In 2019, Nigeria became the fourth-leading source country of newcomers to Canada, behind India, China, and the Philippines. A total of 12,600 Nigerians obtained Canadian permanent residence last year, a figure which tripled Nigerian immigration to Canada in 2015.
The larger part of Nigerians came to Canada as economic class immigrants. The major way that Canada manages economic class immigration applications is via Express Entry, and sixty-six (65) per cent of Nigerian immigrants obtained permanent resident status through Express Entry in 2019.
Last year, Nigeria actually was the third-leading source country of those who got invitations for permanent residence under Express Entry.
Nigerian Immigration to Canada is booming
Several factors can explain the increase in Nigerian immigration to Canada.
The oil-rich country has seen its economic growth slowed since the fall in global oil prices in 2014. Nigeria’s economy was growing by around five (5) per cent per year leading up to 2014, but growth has since decreased to around two (2) per cent annually.
As a result, more Nigerian highly skilled professionals have sought to come to countries such as Canada in pursuit of “greener pasture” (a common palance for those seeking economic opportunities in overseas.)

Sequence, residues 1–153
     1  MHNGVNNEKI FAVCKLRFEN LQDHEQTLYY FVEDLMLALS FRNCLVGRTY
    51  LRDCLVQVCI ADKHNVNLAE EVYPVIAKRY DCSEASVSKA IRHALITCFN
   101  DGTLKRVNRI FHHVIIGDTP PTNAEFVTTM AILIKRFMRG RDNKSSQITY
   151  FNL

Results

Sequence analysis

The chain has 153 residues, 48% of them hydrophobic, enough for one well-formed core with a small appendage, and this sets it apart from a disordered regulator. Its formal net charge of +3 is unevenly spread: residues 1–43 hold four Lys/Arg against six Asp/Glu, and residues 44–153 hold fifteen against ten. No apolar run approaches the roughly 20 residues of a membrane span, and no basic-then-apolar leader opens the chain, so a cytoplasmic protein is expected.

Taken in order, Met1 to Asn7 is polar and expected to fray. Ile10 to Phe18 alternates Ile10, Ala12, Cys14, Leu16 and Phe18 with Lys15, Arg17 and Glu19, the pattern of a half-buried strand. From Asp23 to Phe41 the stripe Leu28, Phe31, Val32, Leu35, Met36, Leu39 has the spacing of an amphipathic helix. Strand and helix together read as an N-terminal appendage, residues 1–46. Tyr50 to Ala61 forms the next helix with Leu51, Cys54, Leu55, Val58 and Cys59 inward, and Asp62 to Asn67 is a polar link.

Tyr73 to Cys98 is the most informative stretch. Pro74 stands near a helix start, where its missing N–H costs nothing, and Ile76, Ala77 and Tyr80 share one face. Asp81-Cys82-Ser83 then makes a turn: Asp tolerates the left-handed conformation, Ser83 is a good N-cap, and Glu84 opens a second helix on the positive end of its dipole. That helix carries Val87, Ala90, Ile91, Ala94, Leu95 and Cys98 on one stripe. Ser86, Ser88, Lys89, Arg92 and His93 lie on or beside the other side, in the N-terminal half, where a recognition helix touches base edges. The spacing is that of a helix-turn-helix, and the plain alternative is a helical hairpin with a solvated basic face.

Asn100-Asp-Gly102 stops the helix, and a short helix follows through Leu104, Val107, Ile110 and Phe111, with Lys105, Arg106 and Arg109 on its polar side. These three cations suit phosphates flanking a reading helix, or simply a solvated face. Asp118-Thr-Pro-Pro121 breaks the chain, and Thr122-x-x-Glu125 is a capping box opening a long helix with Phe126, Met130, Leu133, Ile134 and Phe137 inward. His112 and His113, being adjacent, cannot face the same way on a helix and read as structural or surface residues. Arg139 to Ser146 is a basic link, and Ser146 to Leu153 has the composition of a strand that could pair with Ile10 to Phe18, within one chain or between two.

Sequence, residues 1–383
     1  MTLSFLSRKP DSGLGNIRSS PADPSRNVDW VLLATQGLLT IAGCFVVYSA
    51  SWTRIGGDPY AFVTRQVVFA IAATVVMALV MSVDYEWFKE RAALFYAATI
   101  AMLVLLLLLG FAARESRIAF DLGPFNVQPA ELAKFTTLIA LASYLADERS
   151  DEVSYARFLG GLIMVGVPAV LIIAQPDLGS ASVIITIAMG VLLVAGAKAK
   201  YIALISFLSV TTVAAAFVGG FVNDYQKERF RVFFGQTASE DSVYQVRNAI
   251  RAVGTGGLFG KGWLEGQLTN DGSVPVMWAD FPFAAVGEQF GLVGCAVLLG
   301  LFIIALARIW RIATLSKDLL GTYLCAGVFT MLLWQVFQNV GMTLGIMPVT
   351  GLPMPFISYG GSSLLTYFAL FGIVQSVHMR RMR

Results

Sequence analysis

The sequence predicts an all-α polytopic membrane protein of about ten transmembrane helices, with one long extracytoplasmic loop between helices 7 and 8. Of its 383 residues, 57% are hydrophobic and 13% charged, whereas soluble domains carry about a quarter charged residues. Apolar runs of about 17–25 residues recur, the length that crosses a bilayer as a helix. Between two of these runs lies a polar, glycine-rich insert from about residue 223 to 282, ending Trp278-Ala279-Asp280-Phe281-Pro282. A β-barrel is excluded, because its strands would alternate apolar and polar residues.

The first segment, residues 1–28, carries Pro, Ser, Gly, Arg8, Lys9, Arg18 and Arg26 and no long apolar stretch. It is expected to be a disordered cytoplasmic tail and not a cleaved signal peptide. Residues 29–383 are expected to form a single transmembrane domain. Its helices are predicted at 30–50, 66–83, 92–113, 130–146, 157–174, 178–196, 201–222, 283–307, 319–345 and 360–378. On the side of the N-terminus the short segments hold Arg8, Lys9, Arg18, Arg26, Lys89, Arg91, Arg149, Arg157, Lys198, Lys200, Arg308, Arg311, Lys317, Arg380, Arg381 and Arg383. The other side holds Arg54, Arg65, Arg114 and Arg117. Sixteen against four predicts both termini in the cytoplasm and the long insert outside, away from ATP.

Canada is an attractive country for Nigerians because it offers economic opportunities in industries which are appealing to Nigerian professionals, such as ICT, oil and gas, public/health care, and other STEM-related fields.
Nigerian highly skilled workers may also fare better under Express Entry’s Comprehensive Ranking System (CRS). Factors such as English-language abilities, having a high level of education, and having professional work experience are all taken into consideration when immigration applicants lodge Express Entry profiles, factors which the Nigerian workers who immigrate to Canada possess.
Given that the English language is their mother tongue, Nigerians have a higher advantage under Express Entry compared with most other nationalities since English-language abilities comprises a major component of the CRS.
Canada set to welcome more Nigerian immigrants Post-coronavirus
Once the coronavirus crisis has been contained and the whole world return to normalcy, we should continue to anticipate higher levels of Nigerian immigration to Canada.
Global oil prices have dropped once again, which will create economic problems for oil-rich nations around the world.
Canada’s rising immigration level plan in the coming years will open up more economic class migration spots, including through Express Entry.
Canada’s liberal approach to immigrants also runs in contrast to other countries which have historically welcomed high number of Nigerian immigrants, such as Great Britain and the United States. The recent United States decision to extend its travel ban to include Nigeria may result in more prospective Nigerian immigrants looking to Canada as the next destination.
Currently, there are also more Nigerians studying in Canada. It is estimated that about 12,000 Nigerian students are in Canada, and these students will be well-placed or poised to transition to permanent resident status due to their English language proficiency, Canadian education, Canadian work experience and youth.
When you put all these factors together, it is reasonable to anticipate further increases in the number of Nigerian immigrants welcomed by Canada.